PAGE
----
Regular exercise is good for the heart and circulation, there is no doubt about that. A new study now shows how you can further increase the health-promoting effect of exercise. Proper cool down is key.

Sport makes you fit, healthy and beautiful – numerous studies have shown that. The right warm-up and cool-down is at least as important as the training itself. While the former prepares the body for the upcoming training session, the latter initiates the end of the training session, slowly cooling down the body and muscles and thus preventing muscle tension. In addition, it can speed up recovery and bring down the mind, breathing and cardiovascular system.

There are many ways to design the cool down. A recent study from Canada shows which movement is best for cooling down – and has been shown to have a positive effect on blood pressure and heart health.

As part of their study, the researchers compared the effect of yoga with that of a conventional stretching session. The aim was to find out whether the flexibility exercises practiced in yoga alone are the reason for the positive effects of the cool-down – or whether yoga explicitly has other health benefits in store.

To do this, they examined 60 test persons suffering from high blood pressure and metabolic syndrome over a period of three months. During the three months, the test persons completed an exercise program five days a week. One group of subjects ended the 30-minute aerobic training session with 15 minutes of yoga, while the other group completed a conventional stretching program.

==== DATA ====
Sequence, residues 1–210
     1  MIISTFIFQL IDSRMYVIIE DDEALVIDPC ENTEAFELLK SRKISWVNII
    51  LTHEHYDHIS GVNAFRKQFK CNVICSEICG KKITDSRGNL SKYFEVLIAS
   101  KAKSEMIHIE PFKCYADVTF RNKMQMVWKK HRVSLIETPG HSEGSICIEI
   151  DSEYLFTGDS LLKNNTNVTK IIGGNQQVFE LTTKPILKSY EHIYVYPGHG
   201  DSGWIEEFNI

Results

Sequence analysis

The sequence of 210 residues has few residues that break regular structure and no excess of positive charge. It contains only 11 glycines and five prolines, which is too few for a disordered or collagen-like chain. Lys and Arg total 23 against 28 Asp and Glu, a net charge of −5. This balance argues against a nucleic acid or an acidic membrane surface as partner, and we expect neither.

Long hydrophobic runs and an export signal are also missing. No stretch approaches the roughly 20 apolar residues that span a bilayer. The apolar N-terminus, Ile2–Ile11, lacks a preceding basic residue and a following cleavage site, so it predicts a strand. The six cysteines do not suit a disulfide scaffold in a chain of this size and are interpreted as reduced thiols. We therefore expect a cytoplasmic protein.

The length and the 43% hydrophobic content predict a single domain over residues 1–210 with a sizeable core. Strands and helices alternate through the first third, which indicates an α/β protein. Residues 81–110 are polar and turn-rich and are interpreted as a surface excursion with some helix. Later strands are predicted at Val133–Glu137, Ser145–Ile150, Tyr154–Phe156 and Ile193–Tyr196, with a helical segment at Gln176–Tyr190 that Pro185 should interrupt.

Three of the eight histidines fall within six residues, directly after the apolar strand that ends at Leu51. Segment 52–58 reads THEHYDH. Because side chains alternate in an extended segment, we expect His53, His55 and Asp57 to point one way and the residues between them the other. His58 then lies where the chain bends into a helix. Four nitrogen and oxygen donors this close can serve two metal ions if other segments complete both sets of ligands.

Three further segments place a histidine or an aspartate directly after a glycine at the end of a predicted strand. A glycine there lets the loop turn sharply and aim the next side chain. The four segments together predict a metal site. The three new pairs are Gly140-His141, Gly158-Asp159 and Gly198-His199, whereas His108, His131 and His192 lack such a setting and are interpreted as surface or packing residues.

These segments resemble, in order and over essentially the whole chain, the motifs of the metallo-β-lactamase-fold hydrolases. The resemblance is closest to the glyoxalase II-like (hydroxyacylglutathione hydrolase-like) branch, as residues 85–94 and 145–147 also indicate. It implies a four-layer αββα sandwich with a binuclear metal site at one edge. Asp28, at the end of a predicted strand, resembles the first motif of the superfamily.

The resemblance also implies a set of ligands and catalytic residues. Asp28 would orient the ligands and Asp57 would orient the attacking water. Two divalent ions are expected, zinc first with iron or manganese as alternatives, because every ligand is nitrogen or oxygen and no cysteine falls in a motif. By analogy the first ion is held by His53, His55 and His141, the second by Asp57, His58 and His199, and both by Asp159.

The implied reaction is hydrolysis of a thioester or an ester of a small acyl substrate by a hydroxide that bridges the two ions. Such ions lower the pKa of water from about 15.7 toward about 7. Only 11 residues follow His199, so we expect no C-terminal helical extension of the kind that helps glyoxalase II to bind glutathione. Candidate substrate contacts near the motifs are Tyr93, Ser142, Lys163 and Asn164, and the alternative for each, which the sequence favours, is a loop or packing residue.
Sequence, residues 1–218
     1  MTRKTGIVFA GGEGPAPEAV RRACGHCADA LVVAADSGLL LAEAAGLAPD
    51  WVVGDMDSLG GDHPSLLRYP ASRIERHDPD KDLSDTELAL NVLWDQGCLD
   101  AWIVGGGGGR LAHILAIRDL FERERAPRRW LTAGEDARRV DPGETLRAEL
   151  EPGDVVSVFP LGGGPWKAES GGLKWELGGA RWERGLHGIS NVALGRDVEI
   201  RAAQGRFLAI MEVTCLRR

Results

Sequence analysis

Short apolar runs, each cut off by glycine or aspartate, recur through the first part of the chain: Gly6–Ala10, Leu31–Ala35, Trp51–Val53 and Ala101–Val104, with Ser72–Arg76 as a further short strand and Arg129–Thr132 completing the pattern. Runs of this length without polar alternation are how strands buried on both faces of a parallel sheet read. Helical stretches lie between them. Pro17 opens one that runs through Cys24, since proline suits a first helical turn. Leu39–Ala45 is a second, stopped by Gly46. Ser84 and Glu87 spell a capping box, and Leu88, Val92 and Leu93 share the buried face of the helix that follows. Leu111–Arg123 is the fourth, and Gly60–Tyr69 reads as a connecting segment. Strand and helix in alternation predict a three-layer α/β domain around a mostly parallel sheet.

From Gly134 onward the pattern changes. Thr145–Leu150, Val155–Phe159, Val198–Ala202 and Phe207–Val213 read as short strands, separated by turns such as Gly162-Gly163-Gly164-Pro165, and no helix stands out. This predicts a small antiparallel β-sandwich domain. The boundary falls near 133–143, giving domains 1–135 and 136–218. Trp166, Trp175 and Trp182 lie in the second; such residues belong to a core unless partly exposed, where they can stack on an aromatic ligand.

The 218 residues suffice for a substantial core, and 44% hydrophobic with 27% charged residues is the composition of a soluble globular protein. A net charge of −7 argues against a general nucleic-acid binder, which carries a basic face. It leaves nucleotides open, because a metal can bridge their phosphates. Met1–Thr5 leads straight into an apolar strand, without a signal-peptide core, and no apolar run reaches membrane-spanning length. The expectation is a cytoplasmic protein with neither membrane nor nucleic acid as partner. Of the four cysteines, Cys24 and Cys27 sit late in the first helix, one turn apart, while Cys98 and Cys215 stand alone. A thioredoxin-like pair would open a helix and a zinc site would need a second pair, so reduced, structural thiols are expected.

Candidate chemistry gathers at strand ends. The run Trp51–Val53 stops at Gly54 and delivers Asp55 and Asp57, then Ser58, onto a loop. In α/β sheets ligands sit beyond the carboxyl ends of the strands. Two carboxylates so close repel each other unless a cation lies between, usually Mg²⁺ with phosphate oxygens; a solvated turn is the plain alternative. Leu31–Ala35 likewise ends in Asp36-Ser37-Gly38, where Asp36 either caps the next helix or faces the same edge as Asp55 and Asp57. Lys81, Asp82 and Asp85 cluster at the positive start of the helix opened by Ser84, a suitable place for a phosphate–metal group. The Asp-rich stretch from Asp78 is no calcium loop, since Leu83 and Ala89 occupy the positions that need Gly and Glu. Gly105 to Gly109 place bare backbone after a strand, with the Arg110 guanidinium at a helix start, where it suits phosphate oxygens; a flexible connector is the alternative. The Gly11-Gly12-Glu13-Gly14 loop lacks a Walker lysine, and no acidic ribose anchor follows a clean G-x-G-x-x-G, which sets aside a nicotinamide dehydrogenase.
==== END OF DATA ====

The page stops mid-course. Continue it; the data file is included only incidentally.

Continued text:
The two groups of subjects were put together in such a way that they were almost the same in terms of age, gender and state of health. There were no noticeable differences in smoking rate, BMI, measured resting systolic and diastolic blood pressure, pulse pressure, or resting heart rate.

At the beginning and end of the study period, the scientists analyzed body measurements, blood pressure, the so-called C-reactive protein (hs-CRP) in the blood of the test subjects, and the glucose and lipid levels. hs-CRP is increasingly produced in the body during inflammation. In addition, they determined the individual risk of heart attack, heart disease and stroke using the so-called Framingham and Reynolds risk scores. These estimate the risk of developing coronary heart disease (CHD) over a period of ten years.

The results after three months:

The systolic blood pressure measures the pressure at the heartbeat, i.e. when the heart muscle contracts and pumps blood into the vessels.

The results support previous studies that show a connection between yoga and heart health and blood pressure. It is still unclear which mechanisms trigger the positive effects of yoga. With their investigation, however, the Canadian researchers provide the important insight that it is not just stretching that makes yoga so healing, but also certain movement sequences or breathing exercises that cannot be found in conventional cool-down units.

Need more reasons to start yoga? We have summarized six other benefits of yoga practice for you, which should motivate you to start exercising now: